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[ Opinion ]

Talking WIth Your Kids About Drugs



Just like you can protect you kids from certain dangers, you can also prepare them for that moment when they are offered drugs. You can teach them how to make smart, well-informed decisions and refuse drugs. As a parent all you can do is your best by providing the tools–the facts and knowledge- to help them know what to say when they are offered drugs and how to resist pressure from their peers. Drug use can easily develop into a drug addiction, and we all know this is nothing but a downhill path.


When kids don’t feel comfortable talking to their parents, they will look for answers somewhere else. This can be very dangerous because their source of information might be unreliable. It is always better for your kids to learn about such a topic as drugs from their parents or their teachers; people that will provide them with accurate information and not with fictitious stories and myths. shares that parents who are educated about the effects of drug use can give their kids correct information and clear up any misconceptions they might have. You’re a role model for your kids, and your views on alcohol, tobacco, and drugs can strongly influence how they think about these substances. So make talking about drugs a part of your general health and safety conversations.


These are some suggestions on how to approach the topic of drugs with your kids at different ages, and hopefully prepare them to make the right decision when it comes to drug consumption and abuse.

-Whenever you give a fever medicine or an antibiotic to your child, you can discuss why and when these medicines should be given. This is also a time when your child is likely to pay attention to your behavior and guidance.

-Take advantage of teachable moments. If watching TV together you come upon a character speaking about drugs or addictive pain medicine, take the opportunity to talk about the dangers of the product itself and how it affects the body. Remember not to use a judging approach, but rather a factual, conversational tone of voice.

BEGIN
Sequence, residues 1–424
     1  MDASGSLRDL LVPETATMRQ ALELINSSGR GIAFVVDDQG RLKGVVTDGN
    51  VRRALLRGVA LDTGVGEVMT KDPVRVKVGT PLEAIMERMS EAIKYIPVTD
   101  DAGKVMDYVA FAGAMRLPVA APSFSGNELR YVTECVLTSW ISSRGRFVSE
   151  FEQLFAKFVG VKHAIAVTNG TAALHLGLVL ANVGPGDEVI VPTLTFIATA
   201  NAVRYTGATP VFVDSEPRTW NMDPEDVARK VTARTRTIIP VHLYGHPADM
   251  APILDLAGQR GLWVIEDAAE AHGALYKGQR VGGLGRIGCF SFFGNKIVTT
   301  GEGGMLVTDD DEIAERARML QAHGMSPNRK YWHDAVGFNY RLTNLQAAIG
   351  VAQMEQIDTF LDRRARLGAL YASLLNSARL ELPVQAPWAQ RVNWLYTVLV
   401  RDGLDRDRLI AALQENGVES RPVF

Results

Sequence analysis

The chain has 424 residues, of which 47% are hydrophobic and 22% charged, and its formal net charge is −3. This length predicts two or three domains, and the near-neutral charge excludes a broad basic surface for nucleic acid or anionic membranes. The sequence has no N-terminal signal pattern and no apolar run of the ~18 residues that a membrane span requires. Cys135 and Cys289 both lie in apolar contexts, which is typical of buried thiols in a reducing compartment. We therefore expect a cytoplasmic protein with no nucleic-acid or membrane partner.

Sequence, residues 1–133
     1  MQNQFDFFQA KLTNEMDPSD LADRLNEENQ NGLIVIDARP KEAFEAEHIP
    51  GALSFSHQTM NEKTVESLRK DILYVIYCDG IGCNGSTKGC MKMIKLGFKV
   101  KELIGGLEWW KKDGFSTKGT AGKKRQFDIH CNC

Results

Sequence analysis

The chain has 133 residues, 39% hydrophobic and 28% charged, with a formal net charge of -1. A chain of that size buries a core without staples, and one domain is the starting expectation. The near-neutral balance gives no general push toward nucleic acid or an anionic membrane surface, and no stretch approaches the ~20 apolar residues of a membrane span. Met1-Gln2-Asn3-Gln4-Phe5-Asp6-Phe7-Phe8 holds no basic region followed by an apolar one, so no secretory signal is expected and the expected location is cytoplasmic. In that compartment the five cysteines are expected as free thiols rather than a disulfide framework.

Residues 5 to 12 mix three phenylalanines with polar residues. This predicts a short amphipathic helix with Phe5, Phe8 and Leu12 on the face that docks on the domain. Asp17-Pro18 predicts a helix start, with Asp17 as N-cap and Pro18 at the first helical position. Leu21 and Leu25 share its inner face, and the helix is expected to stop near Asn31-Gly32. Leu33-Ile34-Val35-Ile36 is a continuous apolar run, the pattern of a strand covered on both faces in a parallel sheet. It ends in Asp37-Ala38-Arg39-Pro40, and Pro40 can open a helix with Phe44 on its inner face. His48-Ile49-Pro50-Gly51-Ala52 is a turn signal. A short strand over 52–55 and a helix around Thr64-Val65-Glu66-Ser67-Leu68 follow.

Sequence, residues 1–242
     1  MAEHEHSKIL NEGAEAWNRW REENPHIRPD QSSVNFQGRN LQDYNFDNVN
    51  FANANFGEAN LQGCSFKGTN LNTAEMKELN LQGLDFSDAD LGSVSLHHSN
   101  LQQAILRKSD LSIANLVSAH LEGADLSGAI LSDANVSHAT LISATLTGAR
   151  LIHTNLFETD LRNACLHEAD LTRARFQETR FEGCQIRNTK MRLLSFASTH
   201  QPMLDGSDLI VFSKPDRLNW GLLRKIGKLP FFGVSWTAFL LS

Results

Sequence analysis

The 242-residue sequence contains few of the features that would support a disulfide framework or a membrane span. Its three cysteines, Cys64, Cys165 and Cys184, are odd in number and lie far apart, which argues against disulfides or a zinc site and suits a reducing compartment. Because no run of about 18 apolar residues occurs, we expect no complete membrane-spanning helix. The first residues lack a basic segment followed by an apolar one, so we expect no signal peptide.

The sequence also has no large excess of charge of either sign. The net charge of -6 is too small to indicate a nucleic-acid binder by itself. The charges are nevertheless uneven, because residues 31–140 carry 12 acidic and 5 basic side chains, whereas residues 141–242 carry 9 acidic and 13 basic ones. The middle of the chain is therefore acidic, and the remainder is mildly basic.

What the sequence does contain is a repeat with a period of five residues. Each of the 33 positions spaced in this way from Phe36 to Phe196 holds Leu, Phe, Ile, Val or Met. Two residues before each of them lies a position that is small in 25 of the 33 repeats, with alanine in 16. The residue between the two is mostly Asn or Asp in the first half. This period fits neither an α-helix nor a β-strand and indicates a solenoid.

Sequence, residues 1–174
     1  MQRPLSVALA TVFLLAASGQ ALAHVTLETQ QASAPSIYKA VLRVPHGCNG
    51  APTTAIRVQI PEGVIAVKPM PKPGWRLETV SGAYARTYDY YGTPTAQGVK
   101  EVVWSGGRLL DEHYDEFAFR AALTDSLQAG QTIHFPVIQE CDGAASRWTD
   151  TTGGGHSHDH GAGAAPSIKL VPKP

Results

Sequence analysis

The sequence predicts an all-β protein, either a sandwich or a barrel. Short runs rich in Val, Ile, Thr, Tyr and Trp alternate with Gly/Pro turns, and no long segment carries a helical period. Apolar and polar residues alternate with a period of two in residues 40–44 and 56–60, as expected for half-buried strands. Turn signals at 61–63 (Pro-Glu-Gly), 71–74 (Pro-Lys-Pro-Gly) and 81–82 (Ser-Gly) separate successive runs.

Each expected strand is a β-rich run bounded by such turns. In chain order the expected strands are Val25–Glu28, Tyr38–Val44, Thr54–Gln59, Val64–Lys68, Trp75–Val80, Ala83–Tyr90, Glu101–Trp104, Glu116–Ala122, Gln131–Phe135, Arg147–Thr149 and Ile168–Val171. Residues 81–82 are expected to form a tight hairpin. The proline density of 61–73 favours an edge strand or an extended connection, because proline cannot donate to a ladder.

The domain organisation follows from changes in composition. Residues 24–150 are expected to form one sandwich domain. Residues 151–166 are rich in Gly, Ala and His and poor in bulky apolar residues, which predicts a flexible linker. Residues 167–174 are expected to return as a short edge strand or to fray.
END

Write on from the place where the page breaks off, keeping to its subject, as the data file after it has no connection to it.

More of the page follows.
-Use terms that your child will understand. Also, do not underestimate your child’s intelligence. Be open and ready for whatever question he or she might have and address it in the moment.

-As your kids grow older, you can also start the conversation by asking their opinion about drugs. Listen attentively and take mental notes on parts of the conversation that you would want to return to and things you would like to clarify to your kid.

-Starting an honest conversation with kids about drugs at an early age helps keep the door open as children are less inclined to share their thoughts with their parents as they grow older.

-News, such as painkillers for athletes can be springboards for future conversations about the risks of drugs.

-Talk about the legal issues as well as the health effects of drugs.

-Teenagers will likely have peers who do drugs and drink alcohol. So, it is important to know your kid’s friends and their parents. explains that kids who have friends who use drugs are likely to try drugs themselves. Those feeling socially isolated for whatever reason may also turn to drugs.